An attorney for victims of a Kansas City pharmacist who diluted his patients' drugs for more than a decade told a Missouri appeals court Tuesday that previous settlements in the case should be reopened.
The arguments involve civil settlements reached more than a decade ago against two drug companies that were sued after Robert Courtney pleaded guilty in 2002 to diluting drugs used by his patients. Courtney, now 60, is serving a 30-year sentence in federal prison.
His patients, or their survivors, sued drug manufacturers Eli Lilly and Co. and Bristol-Myers Squibb Co., arguing that the companies were negligent for not uncovering Courtney's crimes. The companies denied the allegations but agreed in 2002 to settle the more than $70 million in claims.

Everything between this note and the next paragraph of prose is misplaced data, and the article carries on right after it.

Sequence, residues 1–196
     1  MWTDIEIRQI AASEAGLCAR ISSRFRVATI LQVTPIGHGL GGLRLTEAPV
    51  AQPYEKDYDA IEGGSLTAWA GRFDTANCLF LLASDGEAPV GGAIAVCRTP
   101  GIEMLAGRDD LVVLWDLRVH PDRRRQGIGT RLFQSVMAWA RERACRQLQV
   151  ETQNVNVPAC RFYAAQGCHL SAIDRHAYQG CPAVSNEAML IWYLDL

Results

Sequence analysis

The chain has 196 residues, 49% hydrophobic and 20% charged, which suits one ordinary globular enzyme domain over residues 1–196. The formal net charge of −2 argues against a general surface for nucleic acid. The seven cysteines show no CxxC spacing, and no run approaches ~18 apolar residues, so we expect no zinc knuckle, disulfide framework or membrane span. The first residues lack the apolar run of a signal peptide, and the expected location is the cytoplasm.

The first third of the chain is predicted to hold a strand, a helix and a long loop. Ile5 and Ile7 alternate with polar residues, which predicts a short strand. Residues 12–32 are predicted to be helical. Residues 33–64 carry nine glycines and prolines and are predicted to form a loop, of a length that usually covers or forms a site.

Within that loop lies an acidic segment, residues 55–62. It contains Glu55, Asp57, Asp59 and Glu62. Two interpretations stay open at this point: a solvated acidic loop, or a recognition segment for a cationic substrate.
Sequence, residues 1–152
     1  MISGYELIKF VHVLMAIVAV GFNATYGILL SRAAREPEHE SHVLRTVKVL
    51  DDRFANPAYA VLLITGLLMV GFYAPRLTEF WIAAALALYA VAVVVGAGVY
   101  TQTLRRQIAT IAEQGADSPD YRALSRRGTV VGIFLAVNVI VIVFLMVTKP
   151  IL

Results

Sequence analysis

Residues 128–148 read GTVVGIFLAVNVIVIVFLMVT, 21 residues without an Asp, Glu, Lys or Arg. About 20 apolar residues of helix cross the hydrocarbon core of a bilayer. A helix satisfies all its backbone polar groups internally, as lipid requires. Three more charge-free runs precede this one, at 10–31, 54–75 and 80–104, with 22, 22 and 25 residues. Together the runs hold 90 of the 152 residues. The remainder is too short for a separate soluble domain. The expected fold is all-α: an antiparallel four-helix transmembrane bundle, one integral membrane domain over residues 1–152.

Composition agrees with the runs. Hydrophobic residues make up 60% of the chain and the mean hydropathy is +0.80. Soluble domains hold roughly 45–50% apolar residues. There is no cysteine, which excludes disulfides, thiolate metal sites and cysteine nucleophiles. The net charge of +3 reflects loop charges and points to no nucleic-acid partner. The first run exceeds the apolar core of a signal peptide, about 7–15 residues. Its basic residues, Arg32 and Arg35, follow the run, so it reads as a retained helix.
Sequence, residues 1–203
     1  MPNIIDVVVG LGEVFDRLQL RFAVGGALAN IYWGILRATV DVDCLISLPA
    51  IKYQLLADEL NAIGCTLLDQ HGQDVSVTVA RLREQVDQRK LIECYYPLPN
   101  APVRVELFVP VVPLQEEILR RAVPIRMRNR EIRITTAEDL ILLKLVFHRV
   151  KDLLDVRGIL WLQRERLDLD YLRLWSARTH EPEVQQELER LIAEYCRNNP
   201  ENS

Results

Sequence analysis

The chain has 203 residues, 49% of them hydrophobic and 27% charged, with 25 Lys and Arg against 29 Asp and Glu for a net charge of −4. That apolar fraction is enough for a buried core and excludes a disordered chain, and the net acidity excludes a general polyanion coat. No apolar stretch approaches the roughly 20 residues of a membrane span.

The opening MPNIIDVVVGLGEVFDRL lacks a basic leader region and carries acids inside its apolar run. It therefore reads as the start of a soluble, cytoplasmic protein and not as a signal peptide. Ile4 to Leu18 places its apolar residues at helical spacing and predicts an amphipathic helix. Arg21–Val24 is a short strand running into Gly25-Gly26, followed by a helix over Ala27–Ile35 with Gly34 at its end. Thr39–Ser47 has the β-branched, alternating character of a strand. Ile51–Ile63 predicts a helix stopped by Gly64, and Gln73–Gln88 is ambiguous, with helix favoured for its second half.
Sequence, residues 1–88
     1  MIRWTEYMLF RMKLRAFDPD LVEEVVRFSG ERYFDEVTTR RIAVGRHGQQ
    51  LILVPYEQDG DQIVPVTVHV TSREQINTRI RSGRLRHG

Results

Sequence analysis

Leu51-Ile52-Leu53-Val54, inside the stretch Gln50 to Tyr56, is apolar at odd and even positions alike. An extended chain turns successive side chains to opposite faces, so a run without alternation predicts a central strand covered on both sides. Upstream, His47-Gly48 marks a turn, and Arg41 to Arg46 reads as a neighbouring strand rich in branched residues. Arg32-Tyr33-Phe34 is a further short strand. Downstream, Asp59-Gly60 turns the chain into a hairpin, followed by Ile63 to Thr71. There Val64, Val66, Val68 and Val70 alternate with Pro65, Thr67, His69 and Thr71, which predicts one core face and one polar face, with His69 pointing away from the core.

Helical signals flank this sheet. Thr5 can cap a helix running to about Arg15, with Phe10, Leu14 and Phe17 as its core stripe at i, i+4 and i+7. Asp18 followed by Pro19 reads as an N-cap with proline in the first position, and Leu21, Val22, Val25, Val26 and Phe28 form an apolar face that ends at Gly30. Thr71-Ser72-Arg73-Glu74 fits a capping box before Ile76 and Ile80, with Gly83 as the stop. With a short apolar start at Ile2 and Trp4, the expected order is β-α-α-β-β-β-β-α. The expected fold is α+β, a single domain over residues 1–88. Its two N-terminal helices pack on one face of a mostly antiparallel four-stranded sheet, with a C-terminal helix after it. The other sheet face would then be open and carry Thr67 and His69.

For more than a year, 21 of Courtney's more than 400 victims or their families have pushed to reopen the lawsuits, contending the settlements were improper and did not allow them to receive the full value of their claims, The Kansas City Star reported (http://bit.ly/ZzrKaU ).
After hearing arguments Tuesday in Kansas City, the appeals court judges agreed to consider whether decisions made years ago to seal important court records in the case were proper. After deciding that, the judges said they would consider whether the victims or their families can see knew claims.
Attorney Arthur Benson, who represents the victims, argued Tuesday that too much court secrecy contributed to the bad settlements a decade ago and that the public has a right to see how its courts work.
Marie Spencer Woodbury, a lawyer for Eli Lilly and Co. and Bristol-Myers Squibb Co., argued the cases should remain closed and it is too late to reject the settlements.
Information from: The Kansas City Star, http://www.kcstar.com